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Texas State Board of Medical Examiners Records

By Matt Richardson, Archivist and Special Collections Librarian

In a recent post, we shared the newly published finding aids for the archival collections of three prominent Houston doctors. Well, if three doctors aren’t enough for you—how about 6,000?

Powered by a tremendous effort from Archives Assistant Gina Leonard, the McGovern Historical Center has published a detailed guide to the Texas State Board of Medical Examiners Records. This massive collection totals 98 boxes, the bulk of which contain licensure records for Texas physicians. Thanks to Gina, the list of names has made the journey from archival folders to Microsoft Excel to our searchable archival management system. Next up? A screen near you!

Each of the 6,000+ individual folders in this collection bears the name and relevant dates for a physician licensed in the state of Texas between 1907 and 1972. Included are doctors who attended medical school in Texas, as well as others coming here from other states. Within each folder, you’ll find materials related to the physician’s license, such as applications for state examinations, registration cards, correspondence, and often photos.

For an example, check out Dr. William Augustus Richardson’s application from 1933.

William August Richardson, Texas State Board of Medical Examiners Applications, 1933
William August Richardson, Texas State Board of Medical Examiners Application, 1933, IC058-b74-f64-003

William August Richardson, Texas State Board of Medical Examiners Applications, 1933
William August Richardson, Texas State Board of Medical Examiners Application, 1933, IC058-b74-f64-003v
In addition, Dr. Richardson’s file also includes a registration card, a certified mail receipt, and the letter that accompanied his $25.50 examination fee.
William August Richardson, Letter to the Texas State Board of Medical Examiners, 1933, IC058-b74-f64-004
William August Richardson, Texas State Board of Medical Examiners Application, 1933, IC058-b74-f64-004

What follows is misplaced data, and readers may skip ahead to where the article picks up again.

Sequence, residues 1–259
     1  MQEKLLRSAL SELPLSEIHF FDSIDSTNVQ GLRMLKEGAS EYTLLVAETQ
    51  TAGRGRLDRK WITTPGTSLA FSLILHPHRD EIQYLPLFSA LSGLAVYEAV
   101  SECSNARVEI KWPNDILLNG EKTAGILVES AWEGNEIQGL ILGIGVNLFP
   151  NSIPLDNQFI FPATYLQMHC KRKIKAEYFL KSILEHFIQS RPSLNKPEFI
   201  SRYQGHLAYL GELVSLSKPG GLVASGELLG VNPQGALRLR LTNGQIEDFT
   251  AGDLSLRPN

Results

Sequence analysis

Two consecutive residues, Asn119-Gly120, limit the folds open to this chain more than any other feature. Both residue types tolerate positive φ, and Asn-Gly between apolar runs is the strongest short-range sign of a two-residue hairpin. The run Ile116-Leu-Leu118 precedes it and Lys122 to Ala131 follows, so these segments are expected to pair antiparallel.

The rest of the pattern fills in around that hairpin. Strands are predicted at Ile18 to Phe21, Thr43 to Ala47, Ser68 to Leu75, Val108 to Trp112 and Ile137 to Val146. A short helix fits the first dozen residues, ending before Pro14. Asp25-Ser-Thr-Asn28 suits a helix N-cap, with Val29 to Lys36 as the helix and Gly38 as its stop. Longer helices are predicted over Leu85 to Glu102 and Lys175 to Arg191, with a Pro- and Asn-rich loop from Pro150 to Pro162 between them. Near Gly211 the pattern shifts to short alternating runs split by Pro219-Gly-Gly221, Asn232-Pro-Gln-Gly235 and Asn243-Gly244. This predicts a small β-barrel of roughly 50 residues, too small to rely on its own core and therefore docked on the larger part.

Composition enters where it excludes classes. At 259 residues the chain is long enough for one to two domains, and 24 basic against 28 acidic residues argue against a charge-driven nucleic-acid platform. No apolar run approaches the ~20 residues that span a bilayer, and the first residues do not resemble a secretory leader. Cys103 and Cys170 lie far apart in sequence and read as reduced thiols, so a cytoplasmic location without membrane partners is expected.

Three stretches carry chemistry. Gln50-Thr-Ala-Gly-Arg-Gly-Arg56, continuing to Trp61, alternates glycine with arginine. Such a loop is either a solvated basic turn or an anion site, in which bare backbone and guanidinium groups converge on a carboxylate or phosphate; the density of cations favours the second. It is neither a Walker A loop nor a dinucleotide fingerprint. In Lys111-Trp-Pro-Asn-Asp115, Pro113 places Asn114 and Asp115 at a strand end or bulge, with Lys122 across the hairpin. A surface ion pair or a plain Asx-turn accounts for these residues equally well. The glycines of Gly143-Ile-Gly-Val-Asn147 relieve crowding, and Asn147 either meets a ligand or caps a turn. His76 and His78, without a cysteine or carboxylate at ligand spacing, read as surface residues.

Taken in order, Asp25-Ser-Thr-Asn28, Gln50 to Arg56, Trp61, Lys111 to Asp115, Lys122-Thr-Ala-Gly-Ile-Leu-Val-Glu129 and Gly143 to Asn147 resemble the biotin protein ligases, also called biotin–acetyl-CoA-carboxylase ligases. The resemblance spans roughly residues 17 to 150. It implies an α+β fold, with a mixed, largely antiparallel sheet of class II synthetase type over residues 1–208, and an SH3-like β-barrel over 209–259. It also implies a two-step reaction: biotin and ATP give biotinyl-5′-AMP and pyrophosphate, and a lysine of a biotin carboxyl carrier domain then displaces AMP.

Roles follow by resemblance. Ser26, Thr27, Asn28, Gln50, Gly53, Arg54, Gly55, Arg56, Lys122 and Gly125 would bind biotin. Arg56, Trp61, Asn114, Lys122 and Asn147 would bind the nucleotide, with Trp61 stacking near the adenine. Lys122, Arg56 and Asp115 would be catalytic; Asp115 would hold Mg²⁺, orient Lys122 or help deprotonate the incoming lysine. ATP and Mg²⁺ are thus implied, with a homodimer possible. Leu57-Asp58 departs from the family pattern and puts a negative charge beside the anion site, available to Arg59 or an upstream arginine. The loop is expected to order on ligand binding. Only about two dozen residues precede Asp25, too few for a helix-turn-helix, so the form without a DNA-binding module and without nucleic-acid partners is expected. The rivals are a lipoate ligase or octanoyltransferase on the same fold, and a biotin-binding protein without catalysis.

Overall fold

It’s worth noting that some biographical information from these files such as birthdates, places of birth, medical schools attended, and the like has been compiled in the Gazetteer of Deceased Texas Physicians. Still, there’s a whole lot more to dig through in this collection. For one thing, there is much more detailed information available in the medical examination application. On top of that, many of the files also feature supporting documents like recommendation letters, not to mention those photos. And, of course, you don’t need us to tell you that there’s nothing quite like handling the original documents.

Keeping in mind our interest in collections scattered across archives, we should point out that the Texas State Library and Archives Commission (TSLAC) also a set of records from the Texas State Board of Medical Examiners. Whereas our collection focuses on applications and other materials produced by individual physicians, TSLAC holds registers, fee books, and ledgers maintained by the Board.

Historians of medicine, genealogists, and record-keeping enthusiasts will find much to love about this extensive collection. Similarly, anyone studying the history of Texas, the evolution of professions and credentials, or migration from state-to-state would encounter both a wealth of personal stories and an abundance of data in these primary sources.